Yeah.  She’s all that.

All of her rationality and independence and intellect, not to mention her religious affiliation (i.e., not Christian), led a mob of Christians to murder.  Apparently, she was in the way of their brave new world.  So they stripped her naked, dragged her through the streets, and slashed her to death with pottery shards.  And the darkness got that much darker.  Politics and religion killed one of the most brilliant women in history.  Then they killed the city of Alexandria, its great library, and the intellectual genius of the ancient world.  Okay, so barbarians also had a little something to do with all that chaos and destruction, but still: vast majority of it was down to politics and religion.  Science almost didn’t survive, at least in the West.

But embers still burned, and got fanned to flame during the Renaissance.  Hypatia was so influential that Raphael wanted to put her front and center in his magnificent School of Athens.  Christianity shat on her again, refusing to allow a smart pagan woman murdered by Christians to have a part in a fresco created for the Pope’s personal library.  Raphael sneaked her in there anyway.  And there she is.  Do you see her?  She’s that elegant woman in white down towards the left who seems to stand apart from the tumult, for all she’s smack in the middle of it:

School of Athens

Someday, I really need to read up on her life.  I know so little about her.  But I know she was extraordinary, an incredible woman who took her place beside the leading intellectual lights of her day, and lead many others in her turn.  We owe it to her to tell her story.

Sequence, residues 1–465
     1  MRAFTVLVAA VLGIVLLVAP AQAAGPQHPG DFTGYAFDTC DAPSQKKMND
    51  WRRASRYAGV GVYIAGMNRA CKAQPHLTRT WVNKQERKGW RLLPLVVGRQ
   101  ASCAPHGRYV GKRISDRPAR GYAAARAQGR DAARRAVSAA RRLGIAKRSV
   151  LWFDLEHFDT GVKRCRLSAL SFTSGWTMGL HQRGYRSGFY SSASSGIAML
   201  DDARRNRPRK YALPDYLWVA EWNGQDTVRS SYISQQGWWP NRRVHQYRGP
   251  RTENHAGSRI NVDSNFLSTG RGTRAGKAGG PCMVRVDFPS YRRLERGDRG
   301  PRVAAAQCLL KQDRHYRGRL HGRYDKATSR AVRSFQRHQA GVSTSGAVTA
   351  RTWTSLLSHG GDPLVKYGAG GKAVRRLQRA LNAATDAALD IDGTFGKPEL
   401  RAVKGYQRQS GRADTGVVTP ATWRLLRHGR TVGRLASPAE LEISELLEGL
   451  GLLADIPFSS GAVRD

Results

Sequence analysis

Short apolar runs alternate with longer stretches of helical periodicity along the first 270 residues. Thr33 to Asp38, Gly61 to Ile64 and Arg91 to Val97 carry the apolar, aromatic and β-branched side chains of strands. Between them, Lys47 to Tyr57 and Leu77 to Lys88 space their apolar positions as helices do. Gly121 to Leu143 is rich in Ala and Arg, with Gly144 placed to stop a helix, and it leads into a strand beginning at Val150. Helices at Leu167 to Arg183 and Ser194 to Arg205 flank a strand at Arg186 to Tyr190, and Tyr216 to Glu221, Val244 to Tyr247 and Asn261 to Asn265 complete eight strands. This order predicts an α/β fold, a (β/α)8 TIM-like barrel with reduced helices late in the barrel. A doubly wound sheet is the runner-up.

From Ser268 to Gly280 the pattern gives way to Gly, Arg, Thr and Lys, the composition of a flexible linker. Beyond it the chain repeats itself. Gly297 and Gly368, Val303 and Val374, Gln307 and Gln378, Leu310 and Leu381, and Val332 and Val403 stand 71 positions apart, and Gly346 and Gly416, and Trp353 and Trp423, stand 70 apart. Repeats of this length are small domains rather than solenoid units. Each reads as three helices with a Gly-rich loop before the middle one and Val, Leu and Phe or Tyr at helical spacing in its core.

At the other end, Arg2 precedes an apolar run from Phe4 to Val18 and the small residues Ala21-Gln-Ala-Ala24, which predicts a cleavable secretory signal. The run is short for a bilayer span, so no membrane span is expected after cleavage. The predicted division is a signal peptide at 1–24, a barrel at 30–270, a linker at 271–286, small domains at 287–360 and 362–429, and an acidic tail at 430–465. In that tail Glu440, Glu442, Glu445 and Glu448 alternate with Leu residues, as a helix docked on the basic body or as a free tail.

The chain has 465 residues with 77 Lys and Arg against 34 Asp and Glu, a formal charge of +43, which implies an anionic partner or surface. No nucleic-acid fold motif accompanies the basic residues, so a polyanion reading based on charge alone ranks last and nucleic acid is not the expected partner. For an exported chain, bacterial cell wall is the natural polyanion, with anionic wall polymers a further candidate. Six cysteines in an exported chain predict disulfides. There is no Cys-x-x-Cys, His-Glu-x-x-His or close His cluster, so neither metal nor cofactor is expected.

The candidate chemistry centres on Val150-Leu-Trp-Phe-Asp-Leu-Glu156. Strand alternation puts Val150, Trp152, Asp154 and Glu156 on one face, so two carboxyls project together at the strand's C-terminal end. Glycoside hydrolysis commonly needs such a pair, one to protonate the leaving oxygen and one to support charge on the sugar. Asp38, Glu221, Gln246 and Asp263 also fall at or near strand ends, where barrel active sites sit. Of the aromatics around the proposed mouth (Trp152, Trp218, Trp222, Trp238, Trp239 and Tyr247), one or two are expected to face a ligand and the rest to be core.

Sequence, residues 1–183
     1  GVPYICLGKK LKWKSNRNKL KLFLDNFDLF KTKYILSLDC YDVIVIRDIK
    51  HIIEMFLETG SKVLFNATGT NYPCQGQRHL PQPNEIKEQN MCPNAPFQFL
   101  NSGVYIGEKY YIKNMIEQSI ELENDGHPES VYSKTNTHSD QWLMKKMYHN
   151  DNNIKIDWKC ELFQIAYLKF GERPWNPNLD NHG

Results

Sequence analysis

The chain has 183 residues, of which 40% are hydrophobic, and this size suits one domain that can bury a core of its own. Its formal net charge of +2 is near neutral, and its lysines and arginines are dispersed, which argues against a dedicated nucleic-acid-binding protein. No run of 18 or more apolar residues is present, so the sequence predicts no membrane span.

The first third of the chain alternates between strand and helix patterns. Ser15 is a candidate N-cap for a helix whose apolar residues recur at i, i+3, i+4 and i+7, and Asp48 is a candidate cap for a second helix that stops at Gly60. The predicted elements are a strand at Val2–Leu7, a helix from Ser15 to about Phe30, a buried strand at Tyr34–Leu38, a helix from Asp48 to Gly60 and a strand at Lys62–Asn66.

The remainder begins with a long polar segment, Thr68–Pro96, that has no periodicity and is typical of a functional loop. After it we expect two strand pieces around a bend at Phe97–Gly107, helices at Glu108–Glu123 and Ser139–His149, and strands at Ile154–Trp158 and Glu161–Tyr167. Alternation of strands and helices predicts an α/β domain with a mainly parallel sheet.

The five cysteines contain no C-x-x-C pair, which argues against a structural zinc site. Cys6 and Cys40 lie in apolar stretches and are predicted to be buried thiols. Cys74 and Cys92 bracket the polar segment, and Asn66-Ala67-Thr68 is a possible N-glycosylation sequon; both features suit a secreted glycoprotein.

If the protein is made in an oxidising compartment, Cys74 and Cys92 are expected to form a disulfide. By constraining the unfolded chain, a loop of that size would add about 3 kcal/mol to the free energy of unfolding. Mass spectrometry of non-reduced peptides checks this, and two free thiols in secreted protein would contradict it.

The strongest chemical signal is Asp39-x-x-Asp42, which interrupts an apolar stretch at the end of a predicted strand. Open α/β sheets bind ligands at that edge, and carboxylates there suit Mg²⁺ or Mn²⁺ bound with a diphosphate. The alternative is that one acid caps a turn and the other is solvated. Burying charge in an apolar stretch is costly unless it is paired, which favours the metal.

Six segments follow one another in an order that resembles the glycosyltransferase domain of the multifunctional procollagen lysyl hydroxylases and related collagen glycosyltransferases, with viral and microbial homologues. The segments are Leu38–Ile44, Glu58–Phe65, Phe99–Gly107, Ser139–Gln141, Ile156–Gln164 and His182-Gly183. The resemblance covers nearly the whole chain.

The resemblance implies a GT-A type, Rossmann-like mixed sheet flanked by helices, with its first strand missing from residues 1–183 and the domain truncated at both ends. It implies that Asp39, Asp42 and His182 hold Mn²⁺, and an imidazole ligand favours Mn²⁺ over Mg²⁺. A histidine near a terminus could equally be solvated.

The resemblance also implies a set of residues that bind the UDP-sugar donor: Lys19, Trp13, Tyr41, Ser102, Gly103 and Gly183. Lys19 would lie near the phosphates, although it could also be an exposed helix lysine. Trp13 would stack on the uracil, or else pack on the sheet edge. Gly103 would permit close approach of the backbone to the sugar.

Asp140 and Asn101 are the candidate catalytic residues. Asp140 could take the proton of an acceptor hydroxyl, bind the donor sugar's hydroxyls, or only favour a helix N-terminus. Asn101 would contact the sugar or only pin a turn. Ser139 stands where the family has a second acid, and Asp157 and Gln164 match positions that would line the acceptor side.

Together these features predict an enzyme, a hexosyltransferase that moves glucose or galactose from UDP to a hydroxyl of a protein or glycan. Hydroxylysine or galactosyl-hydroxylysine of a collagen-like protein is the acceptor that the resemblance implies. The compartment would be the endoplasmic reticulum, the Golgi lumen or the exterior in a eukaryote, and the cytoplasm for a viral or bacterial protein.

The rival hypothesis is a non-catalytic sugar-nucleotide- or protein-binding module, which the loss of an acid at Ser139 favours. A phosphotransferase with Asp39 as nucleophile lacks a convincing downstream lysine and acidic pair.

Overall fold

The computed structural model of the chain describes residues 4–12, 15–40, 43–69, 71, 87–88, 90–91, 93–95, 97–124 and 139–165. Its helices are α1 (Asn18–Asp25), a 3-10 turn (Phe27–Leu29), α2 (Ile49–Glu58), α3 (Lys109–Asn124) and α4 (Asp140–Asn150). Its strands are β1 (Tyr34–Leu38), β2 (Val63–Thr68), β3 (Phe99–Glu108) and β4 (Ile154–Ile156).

I’m glad someone thought to give her this day.

Confessions of a Female Misogynist Vol. 1: So Wrong About Writers

So, ScienceOnline 11 sparked a small revolution.  I first noticed a small rumbling: celebration that over 50% of the participants were women.  Then the rumbling turned into an eruption, as women and allied men started going “Well, then, why are the women so invisible WTF?!”  For a selection of links on that topic, see here.

And then, along comes this study (h/t) showing that while women mix it up, men overwhelmingly read fiction by men.

This has forced me to examine my own history of misogyny.

“But Dana,” you say, “your profile pic is a woman!”

Look, just because I’m female doesn’t mean I can’t have a rather dim view of my own sex.  And I believe I know where it came from: I hate being female.  I’m pretty sure it has to do with the plumbing.  I’m one of those lucky gals whose time of the month feels like – well, I don’t quite know how to describe it.  Put it this way: when I had my first kidney stone, the doc told me the women who’d been through labor and stones said stones were worse.  I figured childbirth must be a cakewalk, then, because the kidney stone wasn’t half as bad as the cramps I dealt with every month.  Three days of crippling misery.  I won’t go into details.  Suffice it to say, it was enough to make anyone loathe being female.  It’s gotten better with age, thankfully, but it’s still an ordeal.